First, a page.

5. #5
    ChiTownVike's Avatar
    ChiTownVike is offline Hall of Famer
    Join Date
    Dec 1969
    Posts
    1,685

    Re: Art of the draft deal

    That is a pretty interseting article

    There is more than 7 round of drafting??

    I didnt know that



    Thank you Josdin for the sig

  6. #6
    ShanePurpleBlood's Avatar
    ShanePurpleBlood is offline Coordinator
    Join Date
    Dec 1969
    Posts
    772

    Re: Art of the draft deal

    "Williamson8211" wrote:
    That is a pretty interseting article

    There is more than 7 round of drafting??

    I didnt know that
    You must not be old enough to remember. I remember it being like 12 rounds or something like that. The cut it down to 7 rounds sometime in the last 15 years.

    Another great sig by PPE!
    SKOL VIKINGS!!!
    Vikings #1
    Raiders #2
    Hawkeyes #1
    Longhorns #2

  7. #7
    whackthepack is offline Jersey Retired
    Join Date
    Dec 1969
    Posts
    6,535

    Re: Art of the draft deal

    "Williamson8211" wrote:
    That is a pretty interseting article

    There is more than 7 round of drafting??

    I didnt know that

    Length of draft:

    30 rounds in the 1940's & 50's

    lowered to:

    20 rounds in 1960

    17 rounds in 1967

    12 rounds in 1977

    8 rounds in 1993

    7 rounds in 1994
    What we've got here is failure to communicate.

  8. #8
    NodakPaul's Avatar
    NodakPaul is offline Jersey Retired
    Join Date
    Dec 1969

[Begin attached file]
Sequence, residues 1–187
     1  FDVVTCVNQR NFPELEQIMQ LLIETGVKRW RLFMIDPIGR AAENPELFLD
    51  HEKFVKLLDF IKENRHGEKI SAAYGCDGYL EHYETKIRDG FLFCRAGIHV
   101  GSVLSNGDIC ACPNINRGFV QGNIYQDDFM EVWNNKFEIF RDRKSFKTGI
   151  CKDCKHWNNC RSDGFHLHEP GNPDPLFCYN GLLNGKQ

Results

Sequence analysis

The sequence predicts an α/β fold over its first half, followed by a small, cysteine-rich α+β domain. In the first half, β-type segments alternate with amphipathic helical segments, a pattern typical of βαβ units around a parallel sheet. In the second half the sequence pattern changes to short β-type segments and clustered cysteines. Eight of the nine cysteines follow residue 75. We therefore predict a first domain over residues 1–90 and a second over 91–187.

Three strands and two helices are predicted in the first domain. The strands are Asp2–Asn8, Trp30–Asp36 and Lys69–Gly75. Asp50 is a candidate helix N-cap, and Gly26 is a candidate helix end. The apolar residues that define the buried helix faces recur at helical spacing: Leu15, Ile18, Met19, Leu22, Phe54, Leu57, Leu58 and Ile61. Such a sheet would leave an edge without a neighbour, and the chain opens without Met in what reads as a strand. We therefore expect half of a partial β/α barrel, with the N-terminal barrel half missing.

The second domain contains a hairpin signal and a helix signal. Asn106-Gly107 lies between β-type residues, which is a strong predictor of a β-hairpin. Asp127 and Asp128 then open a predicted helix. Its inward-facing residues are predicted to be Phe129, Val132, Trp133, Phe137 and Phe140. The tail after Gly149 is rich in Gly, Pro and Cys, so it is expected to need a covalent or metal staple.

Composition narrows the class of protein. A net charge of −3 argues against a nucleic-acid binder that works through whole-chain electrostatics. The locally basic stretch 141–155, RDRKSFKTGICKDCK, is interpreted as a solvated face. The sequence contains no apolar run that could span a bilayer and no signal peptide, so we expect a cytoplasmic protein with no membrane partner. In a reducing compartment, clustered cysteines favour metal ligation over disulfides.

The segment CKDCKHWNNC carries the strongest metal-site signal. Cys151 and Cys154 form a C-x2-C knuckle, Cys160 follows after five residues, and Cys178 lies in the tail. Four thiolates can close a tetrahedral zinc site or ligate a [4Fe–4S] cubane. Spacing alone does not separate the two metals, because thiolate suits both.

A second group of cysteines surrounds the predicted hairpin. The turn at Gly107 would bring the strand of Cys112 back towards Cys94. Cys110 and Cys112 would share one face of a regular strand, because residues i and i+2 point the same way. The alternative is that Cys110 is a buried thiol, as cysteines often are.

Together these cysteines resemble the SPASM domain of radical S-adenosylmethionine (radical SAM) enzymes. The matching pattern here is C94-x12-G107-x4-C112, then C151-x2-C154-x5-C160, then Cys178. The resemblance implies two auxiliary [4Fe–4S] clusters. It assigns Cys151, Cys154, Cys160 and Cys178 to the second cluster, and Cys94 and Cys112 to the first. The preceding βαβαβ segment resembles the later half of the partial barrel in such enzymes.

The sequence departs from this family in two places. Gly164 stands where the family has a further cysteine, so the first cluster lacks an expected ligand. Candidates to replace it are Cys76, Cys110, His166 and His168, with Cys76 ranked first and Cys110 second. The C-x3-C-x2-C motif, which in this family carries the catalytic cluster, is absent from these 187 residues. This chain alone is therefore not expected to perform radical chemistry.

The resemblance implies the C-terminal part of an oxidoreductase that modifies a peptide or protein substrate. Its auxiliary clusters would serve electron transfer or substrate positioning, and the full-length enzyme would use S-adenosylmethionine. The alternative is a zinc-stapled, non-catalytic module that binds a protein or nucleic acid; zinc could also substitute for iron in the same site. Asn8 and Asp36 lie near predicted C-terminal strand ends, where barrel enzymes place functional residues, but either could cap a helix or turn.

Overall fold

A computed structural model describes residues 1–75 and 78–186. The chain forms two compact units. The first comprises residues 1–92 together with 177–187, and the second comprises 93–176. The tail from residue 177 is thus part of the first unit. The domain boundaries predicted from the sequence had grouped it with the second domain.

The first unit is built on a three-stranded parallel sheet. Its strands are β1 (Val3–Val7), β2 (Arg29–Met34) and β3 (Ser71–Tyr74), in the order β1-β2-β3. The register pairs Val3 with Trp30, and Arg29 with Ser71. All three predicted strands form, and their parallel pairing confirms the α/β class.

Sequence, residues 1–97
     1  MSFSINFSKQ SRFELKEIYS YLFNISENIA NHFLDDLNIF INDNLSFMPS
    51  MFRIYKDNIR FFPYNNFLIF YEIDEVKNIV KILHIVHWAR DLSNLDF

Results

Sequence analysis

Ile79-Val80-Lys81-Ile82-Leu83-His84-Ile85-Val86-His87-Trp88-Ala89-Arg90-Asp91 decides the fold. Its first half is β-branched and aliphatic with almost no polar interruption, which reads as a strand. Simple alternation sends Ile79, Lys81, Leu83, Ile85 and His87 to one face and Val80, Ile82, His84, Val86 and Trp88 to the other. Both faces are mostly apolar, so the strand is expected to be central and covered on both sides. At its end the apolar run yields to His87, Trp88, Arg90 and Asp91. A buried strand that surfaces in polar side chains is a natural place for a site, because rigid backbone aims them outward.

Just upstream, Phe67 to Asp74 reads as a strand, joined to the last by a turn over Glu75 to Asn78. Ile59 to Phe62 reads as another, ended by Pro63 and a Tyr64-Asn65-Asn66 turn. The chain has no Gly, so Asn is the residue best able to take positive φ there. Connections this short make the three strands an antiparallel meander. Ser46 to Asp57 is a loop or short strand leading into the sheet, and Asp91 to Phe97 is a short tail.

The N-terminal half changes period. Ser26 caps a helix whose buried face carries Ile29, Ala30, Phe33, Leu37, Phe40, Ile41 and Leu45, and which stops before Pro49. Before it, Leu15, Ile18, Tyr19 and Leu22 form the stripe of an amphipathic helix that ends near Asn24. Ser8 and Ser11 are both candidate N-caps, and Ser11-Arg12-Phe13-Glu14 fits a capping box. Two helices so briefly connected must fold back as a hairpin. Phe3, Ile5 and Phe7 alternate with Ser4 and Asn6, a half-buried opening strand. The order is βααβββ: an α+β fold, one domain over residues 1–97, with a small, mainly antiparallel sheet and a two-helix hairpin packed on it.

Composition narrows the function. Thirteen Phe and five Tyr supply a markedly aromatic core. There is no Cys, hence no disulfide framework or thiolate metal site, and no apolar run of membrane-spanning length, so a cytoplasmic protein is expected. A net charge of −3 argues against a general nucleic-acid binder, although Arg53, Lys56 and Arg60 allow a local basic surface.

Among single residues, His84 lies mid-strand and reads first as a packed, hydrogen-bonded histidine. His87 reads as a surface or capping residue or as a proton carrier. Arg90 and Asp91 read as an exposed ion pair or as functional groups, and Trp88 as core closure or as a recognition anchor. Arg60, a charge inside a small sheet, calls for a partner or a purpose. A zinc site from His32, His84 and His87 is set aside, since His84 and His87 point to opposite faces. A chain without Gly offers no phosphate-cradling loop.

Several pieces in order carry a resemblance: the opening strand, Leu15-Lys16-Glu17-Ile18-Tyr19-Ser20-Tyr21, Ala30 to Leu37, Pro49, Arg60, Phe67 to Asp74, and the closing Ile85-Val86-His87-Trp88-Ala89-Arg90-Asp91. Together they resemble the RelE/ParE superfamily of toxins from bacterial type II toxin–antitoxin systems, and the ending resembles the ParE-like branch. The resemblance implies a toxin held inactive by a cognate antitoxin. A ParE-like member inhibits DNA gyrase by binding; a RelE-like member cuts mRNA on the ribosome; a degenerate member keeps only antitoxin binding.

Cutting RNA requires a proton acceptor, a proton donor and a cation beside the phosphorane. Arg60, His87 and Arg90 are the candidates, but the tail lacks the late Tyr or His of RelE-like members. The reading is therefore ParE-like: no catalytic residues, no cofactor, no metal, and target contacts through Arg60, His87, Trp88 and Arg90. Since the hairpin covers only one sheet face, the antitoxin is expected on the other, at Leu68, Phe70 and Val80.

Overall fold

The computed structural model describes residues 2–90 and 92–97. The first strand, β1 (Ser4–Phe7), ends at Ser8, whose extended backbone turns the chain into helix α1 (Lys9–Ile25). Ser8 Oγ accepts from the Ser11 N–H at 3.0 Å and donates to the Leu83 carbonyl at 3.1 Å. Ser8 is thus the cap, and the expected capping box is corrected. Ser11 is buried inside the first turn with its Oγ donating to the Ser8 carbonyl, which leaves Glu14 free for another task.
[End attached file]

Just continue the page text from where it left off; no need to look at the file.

Location
    West Fargo, ND
    Posts
    17,602
    Blog Entries
    1

    Re: Art of the draft deal

    "mnwildfan79" wrote:
    Interesting article.

    I've always felt that the draft chart is silly because the draft classes are so different from year to year.

    In general I think the chart gives too much value to the top 5 picks, but that's just me.
    You are right. I would assume that the actual values are modified each year by individual teams, depending on their strengths and weaknesses and the depth of the draft at those positions. At least I would hope so...
    Zeus wrote:
    When are you going to realize that picking out the 20 bad throws this year and ignoring the 300 good ones does not make your point?

    =Z=

Similar Threads

  1. UPDATE: 2 early Vikings 7 round mock draft (updated after Jared Allen Deal)
    By WINchester FIELDer in forum Vikings Offseason/Draft/FA Forum
    Replies: 19
    Last Post: 04-24-2008, 04:16 PM
  2. Will megamall deal usher in a stadium deal for Vikings?
    By singersp in forum Vikings Fan Forum
    Replies: 16
    Last Post: 04-23-2008, 04:49 AM
  3. Gray deal done with Texans, Sage deal next?
    By Garland Greene in forum Vikings Offseason/Draft/FA Forum
    Replies: 91
    Last Post: 04-05-2008, 09:41 AM
  4. Marshall Faulk and Howie Mandel on Deal No Deal
    By Iron Lungs in forum General NFL Discussion
    Replies: 6
    Last Post: 09-23-2007, 09:05 PM

Tags for this Thread

Bookmarks

Posting Permissions

  • You may not post new threads
  • You may not post replies
  • You may not post attachments
  • You may not edit your posts
  •